The genre's fallen into a formulaic rut, but this past weekend's box-office hit offers a different kind of story.
The romantic comedy is dead, New York Times film critic A.O. Scott declared four years ago. "The dispiriting, uninspired sameness of romantic comedy strikes me as something of a scandal," he wrote upon the release of the formulaic Katherine Heigl vehicle 27 Dresses. His issue with recent additions to the genre wasn't simply their predictability, he said, but the fact that their "notion of love is insipid, shallow and frequently ludicrous."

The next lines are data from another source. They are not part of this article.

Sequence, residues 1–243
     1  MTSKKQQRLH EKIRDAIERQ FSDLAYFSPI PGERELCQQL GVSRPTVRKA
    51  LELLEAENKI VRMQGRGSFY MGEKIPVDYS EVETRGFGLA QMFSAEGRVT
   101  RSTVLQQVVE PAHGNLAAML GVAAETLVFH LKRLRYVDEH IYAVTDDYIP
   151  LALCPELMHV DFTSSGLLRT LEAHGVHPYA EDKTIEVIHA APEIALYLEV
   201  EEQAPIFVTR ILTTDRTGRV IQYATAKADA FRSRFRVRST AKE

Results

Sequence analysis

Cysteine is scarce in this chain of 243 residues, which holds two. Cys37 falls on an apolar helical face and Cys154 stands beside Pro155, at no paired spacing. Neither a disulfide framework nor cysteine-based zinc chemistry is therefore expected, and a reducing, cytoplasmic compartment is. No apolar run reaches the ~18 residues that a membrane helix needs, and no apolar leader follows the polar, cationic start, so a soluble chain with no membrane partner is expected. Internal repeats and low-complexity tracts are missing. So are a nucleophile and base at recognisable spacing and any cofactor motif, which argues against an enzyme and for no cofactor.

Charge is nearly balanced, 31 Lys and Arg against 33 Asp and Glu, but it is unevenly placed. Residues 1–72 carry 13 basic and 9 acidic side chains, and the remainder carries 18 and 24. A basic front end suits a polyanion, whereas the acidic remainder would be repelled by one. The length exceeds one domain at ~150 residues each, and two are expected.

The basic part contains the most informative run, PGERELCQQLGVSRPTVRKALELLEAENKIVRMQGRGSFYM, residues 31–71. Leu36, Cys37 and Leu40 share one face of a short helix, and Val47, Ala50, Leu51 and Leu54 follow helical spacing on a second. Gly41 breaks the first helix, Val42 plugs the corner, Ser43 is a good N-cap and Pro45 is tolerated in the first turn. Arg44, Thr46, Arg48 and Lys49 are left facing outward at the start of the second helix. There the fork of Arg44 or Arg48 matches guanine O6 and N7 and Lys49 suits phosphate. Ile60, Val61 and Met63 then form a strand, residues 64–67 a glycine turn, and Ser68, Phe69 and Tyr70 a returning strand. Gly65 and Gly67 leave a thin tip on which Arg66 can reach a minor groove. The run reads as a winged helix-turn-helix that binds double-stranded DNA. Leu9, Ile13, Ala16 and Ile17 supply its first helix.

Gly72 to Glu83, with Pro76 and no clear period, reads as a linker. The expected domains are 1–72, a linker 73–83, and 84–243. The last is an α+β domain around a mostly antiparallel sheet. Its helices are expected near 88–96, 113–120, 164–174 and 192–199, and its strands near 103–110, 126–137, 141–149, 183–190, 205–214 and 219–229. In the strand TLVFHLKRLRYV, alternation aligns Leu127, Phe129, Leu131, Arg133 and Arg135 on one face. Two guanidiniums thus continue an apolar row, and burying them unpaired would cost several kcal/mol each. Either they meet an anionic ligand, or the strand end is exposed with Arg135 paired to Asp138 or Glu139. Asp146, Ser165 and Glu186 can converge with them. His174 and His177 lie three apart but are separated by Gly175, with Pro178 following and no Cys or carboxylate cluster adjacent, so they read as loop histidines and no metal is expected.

The intervening years haven't done much to improve Scott's picture of the genre. We've gotten The Proposal (2009), How Do You Know (2010), and No Strings Attached/Friends With Benefits (2011)—all joyless retreadings of the plotlines and the messages that Scott decried in 2008. This year has offered audiences more sameness and more shallow depictions of love. This Means War showed Reese Witherspoon in a familiar "dilemma": choosing between two equally attractive male suitors. Friends With Kids, which broke with convention in some ways, ended up being, at its core, a by-the-numbers rom-com. The movie opens with a man and a woman vowing they'll never be a couple and ends with them declaring their love to one another. Scott's criticism holds up—recycled storylines aren't the only things wrong with these movies. The real problem is the assumption in all these films that relational bliss comes from finding the "right" person. This Means War, Friends With Kids, 27 Dresses,and countless other modern romances devote most of their runtimes to watching a couple get together. They end with the first kiss or the avowal of love, and ask the audience to assume the central couple goes on to live happily ever after.